The Essential Van Til – The Failure of Classical Apologetics

This post is a kind of follow-on from a previous post about “as-suchness.” In The New Synthesis Van Til writes:

Paul does not discuss questions of “fact” and views of “logic” as such. For Paul, there are no facts as such and there is no logic as such. Paul does not ask the Greeks to consider whether the facts might not be considered as probably or even possibly pointing toward the teleology of Scripture rather than to a teleology such as Plato and Aristotle offer. In effect, Paul asserts on the authority of Christ that no facts of the space-time world can exist and no logic can function except on the presupposition that whatever things the triune God of Scripture says are true.

Classical modes of defending the faith, in general, seek to prove the faith on the basis of some (as it is supposed) given standard of truth which is agreeable to both believer and unbeliever. Classical Apologists (hereafter, CA) say, “what does the unbeliever demand in order to believe? Whatever it is, I will give it to him.” So, some unbelievers demand “evidence” for the belief in God’s existence. They want “just facts” and no spin.

CA are happy to oblige. Now, before we are critical of the CA, we have to acknowledge the good in their thinking. They believe that Christianity should be able to be defended by logic, facts, evidence, or history because the Christian’s God is the God of logic, history, evidence, and history. Christianity is a historical faith. It is based on facts. So, what is wrong with making a logical, historical, or evidential argument for the faith?

Van Til is not opposed to logic, evidence or history. Nor is he opposed to using such in the service of defending the faith. What he opposes, however, is thinking that facts, logic, etc. are things which exist “out there,” brute facts that both believer and unbeliever can use together to evaluate truth claims about Christianity.

But, for Van Til, to do that is to surrender the debate to the unbeliever at the outset.

This mode of thinking makes facts, logic, etc. into abstractions. And Paul, says Van Til, does not argue from abstractions. The Bible knows nothing of “facts” which are independent of God and the meaning he gives them in his Word.

But for CA abstractions become something akin to Platonic ideals which rule all of reality—from God to rocks. Furthermore, abstractions presuppose that both believer and unbeliever interpret them the same way. But they don’t. The unbeliever presupposes the Lordship of logic, facts, etc. over even God himself. The Christian, however, presupposes that God is the Lord over all things.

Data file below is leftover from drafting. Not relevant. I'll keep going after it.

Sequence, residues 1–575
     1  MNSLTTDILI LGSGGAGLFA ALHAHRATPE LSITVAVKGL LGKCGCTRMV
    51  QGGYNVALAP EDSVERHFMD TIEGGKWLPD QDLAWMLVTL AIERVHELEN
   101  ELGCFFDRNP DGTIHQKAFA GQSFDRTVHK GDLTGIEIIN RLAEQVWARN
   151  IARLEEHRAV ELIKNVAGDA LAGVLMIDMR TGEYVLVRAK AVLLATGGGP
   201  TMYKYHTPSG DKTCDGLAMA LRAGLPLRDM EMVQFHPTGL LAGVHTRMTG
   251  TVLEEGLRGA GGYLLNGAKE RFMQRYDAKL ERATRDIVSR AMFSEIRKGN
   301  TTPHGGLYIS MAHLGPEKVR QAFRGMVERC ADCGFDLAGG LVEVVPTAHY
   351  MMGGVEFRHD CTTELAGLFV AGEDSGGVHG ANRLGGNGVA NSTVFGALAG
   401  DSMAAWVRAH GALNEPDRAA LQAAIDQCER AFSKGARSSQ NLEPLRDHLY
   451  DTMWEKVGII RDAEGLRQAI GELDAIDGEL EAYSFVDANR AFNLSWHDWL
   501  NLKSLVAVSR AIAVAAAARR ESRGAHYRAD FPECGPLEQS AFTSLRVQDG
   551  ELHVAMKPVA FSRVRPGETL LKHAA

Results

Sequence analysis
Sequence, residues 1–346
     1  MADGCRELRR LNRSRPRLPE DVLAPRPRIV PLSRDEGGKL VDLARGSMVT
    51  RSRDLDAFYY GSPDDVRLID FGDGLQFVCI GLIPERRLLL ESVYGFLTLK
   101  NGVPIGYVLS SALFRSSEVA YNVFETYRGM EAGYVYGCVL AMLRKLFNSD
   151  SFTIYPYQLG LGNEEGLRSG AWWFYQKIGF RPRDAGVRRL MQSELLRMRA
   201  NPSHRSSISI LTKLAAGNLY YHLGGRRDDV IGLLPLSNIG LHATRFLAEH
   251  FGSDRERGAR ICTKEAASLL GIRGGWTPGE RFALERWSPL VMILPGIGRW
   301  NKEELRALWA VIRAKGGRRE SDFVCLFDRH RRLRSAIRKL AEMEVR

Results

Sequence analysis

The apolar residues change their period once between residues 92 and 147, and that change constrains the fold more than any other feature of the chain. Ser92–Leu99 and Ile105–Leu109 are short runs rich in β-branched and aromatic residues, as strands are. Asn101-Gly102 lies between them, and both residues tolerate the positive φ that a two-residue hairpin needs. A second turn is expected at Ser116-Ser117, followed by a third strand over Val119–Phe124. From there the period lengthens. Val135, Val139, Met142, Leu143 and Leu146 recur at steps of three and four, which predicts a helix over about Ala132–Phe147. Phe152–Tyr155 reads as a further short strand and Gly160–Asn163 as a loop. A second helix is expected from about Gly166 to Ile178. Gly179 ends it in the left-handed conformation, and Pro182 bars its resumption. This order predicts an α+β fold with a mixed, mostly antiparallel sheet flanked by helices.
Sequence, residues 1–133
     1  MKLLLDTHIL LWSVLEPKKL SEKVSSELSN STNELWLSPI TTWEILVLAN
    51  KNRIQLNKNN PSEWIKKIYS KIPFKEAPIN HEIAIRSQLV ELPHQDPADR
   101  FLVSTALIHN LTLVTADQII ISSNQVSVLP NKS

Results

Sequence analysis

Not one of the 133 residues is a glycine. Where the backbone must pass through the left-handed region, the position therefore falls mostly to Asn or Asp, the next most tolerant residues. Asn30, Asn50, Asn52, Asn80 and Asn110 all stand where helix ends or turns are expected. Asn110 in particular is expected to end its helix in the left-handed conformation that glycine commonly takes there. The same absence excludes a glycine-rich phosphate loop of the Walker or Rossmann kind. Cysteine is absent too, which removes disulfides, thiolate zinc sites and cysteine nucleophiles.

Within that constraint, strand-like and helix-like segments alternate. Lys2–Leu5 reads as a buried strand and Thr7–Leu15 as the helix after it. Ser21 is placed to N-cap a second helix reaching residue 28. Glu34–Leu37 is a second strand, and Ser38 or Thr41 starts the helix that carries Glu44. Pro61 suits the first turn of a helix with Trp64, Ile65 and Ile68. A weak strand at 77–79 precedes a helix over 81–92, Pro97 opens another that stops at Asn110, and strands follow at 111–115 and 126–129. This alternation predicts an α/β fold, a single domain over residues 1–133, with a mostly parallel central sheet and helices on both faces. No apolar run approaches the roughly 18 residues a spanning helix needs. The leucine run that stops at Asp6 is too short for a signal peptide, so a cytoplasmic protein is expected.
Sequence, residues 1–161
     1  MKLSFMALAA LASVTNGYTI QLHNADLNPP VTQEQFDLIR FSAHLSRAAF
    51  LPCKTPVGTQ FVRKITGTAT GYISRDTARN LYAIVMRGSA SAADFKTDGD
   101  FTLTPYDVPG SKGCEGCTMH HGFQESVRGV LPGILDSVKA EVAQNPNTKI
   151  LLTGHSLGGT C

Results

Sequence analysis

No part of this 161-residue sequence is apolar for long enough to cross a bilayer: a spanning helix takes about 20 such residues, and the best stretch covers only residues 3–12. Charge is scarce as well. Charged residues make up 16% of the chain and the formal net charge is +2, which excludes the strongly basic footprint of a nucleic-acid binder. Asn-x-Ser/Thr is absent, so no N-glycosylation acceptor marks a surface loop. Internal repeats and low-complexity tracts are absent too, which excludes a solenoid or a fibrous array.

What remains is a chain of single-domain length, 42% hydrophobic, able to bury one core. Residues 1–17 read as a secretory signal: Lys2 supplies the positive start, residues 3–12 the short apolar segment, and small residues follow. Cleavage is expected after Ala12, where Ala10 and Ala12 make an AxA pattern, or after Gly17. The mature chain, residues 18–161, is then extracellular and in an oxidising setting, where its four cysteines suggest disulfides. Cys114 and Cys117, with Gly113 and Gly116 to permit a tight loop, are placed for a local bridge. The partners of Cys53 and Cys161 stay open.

And so the failure of the classical mode is at once apparent. CA adopt the presuppositions of the unbeliever—i.e., that logic, facts, etc. are interpreted the same way between believer and unbeliever. CA start with an unbelieving philosophy of fact, which allows the unbeliever to place God in the dock, imposing abstract notions of facts, logic, etc. upon God. But God is not the kind of person that can be placed in the dock. God is judge and jury. He is the arbiter. Therefore, we must begin with the triune God. Without the self-attesting Christ of Scripture there is no logic, fact, etc. The Christian must challenge the unbeliever’s philosophy of fact, not grant it to him. And it is precisely here—at this compromise—that CA find their failure.

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Jake Swink

10 months ago

I have not read Van Til, but have listened for a while. Would it not stand to reason that because logic is subservient to God, that it would point back to Him? How does the non-believer not also then reach this conclusion?`

Hong Woo

10 months ago

In response to your question, you are right to say that logic is subservient to God. However, the unbeliever’s epistemological system, where his/her logic comes from, is not the same as the believer’s epistemological system. In fact, as Van Til would say, these two systems are wholly antithetical epistemologically. Though both the unbeliever and believer can both know that 2+2=4 in a logical basis, this does not mean that both parties are working on the same epistemological system of logic. It is by common grace that the unbeliever can use logic to be able to do arithmetic (or any scientific endeavor for that matter). For the believer, 2+2=4 is not based on some abstract principle of logic but we have a personal concrete universal as Van Til would say, showing that every fact in this world is a personal fact interpreted by a tri-personal God. However, though the unbeliever and believer may have antithetical epistemological systems, they have their “point of contact” is in the fact that they are both creation, which is the Christian metaphysic. Both unbeliever and believer live in God’s world, living by God’s rules as God gives them, whether one “admits” that God exists or not. The entire universe is narrated by the omniscient, transcendent God, which is the true metaphysic. It is because that the unbeliever and believer share the God-ordained metaphysic of creation, bearing the image of God, that they can have any point of contact in an apologetic discussion, even if these two parties are epistemelogically antithetical to one another. This is what Dr. Cassidy is referring to here by saying that we must “begin with the triune God,” unlike Classical Apologists who assume that the believer and unbeliever share not only a metaphysical common ground (which they do) but also an epistemological one (which they do not).


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